Jacques, Sophie, and Philip David Zelazo. 2005. Language and the development of cognitive flexibility: implications for theory of mind. In Matters for theory of mind, ed. Why Language, 144–162. Oxford: Oxford University Press.
Johnson, Carl Nils, and Michael P. Maratsos. 1977. Early comprehension of mental verbs: think and know. Child Development 48: 1743–1747.
Kovács, Ágnes Melinda, Erno Téglás, and Ansgar Denis Endress. 2010. The social sense: susceptibility to others’ beliefs in human infants and adults. Science 330: 1830–1834.
Leslie, Alan M., and Pamela Polizzi. 1998. Inhibitory processing in the false belief task: two conjectures. Developmental Science 1: 247–253.
Leslie, Alan M., Ori Friedman, and Tim P. German. 2004. Core mechanisms in “theory of mind”. Trends in Cognitive Sciences 8: 528–533.
Leslie, Alan M., Tim P. German, and Pamela Polizzi. 2005. Belief-desire reasoning as a process of selection. Cognitive Psychology 50: 45–85.
Lewis, Shevaun. 2013. Pragmatic enrichment in language processing and development. University of Maryland.
Lewis, Shevaun, Valentine Hacquard, and Jeffrey Lidz. 2012. The semantics and pragmatics of belief reports in preschoolers. Proceedings of SALT 22: 247–267.
Li, Vivian, Brian Spitzer, and Kristina R. Olson. 2014. Preschoolers reduce inequality while favoring individuals with more. Child Development 85: 1123–1133.
Liszkowski, Ulf, Malinda Carpenter, and Michael Tomasello. 2007. Pointing out new news, old news, and absent referents at 12 months of age. Developmental Science 10: F1–F7.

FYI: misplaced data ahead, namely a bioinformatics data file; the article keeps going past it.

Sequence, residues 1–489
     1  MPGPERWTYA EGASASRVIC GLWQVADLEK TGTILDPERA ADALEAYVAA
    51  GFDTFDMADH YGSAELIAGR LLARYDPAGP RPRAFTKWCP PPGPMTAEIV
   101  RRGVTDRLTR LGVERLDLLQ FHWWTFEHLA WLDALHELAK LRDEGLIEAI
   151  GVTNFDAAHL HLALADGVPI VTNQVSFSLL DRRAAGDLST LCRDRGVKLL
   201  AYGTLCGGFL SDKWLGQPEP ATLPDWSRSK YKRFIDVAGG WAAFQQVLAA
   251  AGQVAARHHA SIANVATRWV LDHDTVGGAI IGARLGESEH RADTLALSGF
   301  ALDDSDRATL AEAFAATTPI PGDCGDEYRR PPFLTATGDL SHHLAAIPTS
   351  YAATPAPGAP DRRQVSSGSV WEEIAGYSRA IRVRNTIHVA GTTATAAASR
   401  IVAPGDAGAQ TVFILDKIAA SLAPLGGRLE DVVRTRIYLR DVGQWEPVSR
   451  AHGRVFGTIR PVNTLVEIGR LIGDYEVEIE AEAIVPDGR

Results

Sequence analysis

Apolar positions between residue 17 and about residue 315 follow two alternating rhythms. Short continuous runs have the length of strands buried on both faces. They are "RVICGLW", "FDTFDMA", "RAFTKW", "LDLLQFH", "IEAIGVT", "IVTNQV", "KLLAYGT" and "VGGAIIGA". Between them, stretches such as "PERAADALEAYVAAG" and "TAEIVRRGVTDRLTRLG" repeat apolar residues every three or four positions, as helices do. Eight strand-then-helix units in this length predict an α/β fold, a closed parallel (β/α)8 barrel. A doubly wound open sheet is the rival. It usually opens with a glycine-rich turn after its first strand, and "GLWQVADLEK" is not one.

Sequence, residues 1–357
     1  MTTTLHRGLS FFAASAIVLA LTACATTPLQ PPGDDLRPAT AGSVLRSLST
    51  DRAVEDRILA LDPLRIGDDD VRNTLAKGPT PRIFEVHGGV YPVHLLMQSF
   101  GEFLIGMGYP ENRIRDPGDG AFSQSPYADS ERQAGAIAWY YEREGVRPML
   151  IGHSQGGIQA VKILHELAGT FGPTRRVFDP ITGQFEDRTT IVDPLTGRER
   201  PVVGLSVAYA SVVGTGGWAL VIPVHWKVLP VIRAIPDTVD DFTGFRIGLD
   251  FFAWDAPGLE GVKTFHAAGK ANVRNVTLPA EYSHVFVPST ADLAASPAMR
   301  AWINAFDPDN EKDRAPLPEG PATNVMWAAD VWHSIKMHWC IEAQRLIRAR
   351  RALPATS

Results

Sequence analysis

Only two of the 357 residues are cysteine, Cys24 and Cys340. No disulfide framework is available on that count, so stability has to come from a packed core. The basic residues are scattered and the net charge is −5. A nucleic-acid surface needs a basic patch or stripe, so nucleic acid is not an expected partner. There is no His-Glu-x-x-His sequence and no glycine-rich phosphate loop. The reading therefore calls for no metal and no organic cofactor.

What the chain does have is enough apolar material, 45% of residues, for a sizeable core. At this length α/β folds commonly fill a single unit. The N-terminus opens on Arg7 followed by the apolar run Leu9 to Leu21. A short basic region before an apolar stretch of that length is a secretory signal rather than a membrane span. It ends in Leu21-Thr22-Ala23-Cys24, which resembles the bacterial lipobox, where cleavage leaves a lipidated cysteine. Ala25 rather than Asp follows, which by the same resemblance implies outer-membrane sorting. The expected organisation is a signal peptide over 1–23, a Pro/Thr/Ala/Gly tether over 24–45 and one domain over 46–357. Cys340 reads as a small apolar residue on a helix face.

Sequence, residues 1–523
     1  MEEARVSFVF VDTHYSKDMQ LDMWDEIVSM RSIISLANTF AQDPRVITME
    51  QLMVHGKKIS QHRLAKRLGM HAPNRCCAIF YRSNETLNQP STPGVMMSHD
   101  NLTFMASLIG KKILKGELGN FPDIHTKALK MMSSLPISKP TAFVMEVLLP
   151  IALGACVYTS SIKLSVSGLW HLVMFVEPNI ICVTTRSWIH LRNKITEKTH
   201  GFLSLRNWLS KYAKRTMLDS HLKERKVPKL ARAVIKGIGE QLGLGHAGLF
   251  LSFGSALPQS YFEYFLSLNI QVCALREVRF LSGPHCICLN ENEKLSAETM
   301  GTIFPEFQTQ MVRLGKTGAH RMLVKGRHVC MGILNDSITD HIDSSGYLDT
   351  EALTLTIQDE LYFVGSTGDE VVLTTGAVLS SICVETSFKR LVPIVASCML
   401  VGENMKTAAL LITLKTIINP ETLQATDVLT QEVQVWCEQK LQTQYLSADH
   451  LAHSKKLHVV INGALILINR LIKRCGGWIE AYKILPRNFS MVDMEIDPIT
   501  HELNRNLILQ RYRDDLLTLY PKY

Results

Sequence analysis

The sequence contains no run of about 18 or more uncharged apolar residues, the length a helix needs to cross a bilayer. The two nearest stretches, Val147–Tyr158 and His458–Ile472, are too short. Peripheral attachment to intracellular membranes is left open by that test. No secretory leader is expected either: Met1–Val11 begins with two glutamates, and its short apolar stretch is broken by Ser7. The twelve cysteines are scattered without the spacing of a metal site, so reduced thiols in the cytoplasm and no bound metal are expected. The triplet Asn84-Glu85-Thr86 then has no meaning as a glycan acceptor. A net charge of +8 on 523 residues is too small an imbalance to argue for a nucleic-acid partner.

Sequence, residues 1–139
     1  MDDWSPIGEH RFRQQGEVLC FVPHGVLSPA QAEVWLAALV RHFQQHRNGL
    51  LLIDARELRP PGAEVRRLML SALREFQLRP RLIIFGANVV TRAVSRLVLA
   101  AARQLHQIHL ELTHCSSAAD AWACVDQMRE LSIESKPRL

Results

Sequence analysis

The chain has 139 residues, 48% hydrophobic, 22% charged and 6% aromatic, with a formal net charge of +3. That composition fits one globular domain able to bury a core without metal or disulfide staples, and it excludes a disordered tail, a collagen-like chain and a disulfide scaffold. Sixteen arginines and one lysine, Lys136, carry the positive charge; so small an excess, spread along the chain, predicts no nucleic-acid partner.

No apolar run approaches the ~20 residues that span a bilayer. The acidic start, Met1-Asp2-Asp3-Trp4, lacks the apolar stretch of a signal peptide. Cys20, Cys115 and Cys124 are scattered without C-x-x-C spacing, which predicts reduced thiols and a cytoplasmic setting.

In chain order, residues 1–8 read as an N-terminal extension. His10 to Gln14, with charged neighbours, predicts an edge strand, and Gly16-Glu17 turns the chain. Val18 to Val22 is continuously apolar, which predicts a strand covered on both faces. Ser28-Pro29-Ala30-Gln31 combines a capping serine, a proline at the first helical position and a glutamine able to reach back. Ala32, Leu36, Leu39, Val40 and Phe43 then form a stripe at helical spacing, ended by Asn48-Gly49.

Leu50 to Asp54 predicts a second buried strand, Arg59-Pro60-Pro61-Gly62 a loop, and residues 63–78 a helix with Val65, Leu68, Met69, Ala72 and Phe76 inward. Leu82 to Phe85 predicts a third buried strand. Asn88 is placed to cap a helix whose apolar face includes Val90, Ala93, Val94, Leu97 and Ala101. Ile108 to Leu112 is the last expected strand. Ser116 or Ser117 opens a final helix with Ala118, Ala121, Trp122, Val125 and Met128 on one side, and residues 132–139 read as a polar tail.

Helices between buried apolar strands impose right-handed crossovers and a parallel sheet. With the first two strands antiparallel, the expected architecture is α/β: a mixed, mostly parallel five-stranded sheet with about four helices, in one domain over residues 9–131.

Liu, David, Henry M. Wellman, Twila Tardif, and Mark a Sabbagh. 2008. Theory of mind development in Chinese children: a meta-analysis of false-belief understanding across cultures and languages. Developmental Psychology 44: 523–531.
Lohmann, Heidemarie, and Michael Tomasello. 2003. The role of language in the development of false belief understanding: a training study. Child Development 74: 1130–1144.
Low, Jason, and Samantha Simpson. 2012. Effects of labeling on preschoolers’ explicit false belief performance: outcomes of cognitive flexibility or inhibitory control? Child Development 83: 1072–1084.
MacWhinney, Brian. 2014. The childes project: tools for analyzing talk, volume I: transcription format and programs. Psychology Press.
Mayer, A., and B.E. Trauble. 2012. Synchrony in the onset of mental state understanding across cultures? A study among children in Samoa. International Journal of Behavioral Development 37: 21–28.
Milligan, Karen, Janet Wilde Astington, and Lisa Ain Dack. 2007. Language and theory of mind: meta-analysis of the relation between language ability and false-belief understanding. Child Development 78: 622–646.
Moll, Henrike, Sarah Kane, and Luke McGowan. 2015. Three-year-olds express suspense when an agent approaches a scene with a false belief. Developmental Science: n/a–n/a.
Montgomery, Derek E. 2005. The developmental origins of meaning for mental terms. In In Why Language Matters for Theory of Mind, 106–122. Oxford University: Press.
Moore, Chris, Dana Bryant, and David Furrow. 1989. Mental Terms and the Development of Certainty. Child Development 60. Wiley on behalf of the Society for Research in Child Development: 167–171.
Onishi, Kristine H., and Renée Baillargeon. 2005. Do 15-month-old infants understand false beliefs? Science 308: 255–258.
Papafragou, Anna, Kimberly Cassidy, and Lila Gleitman. 2007. When we think about thinking : the acquisition of belief verbs. Cognition 105: 125–165.
Perner, Josef. 1991. Understanding the representational mind. Learning, development, and conceptual change. Cambridge, MA: MIT Press.
Perner, Josef. 2010. Who took the cog out of cognitive science? Mentalism in an era of anti-cognitivism. In Perception, attention, and action: International Perspectives on Psychological Science (Volume 1), ed. Peter Frensch and Ralf Schwarzer, 239–262.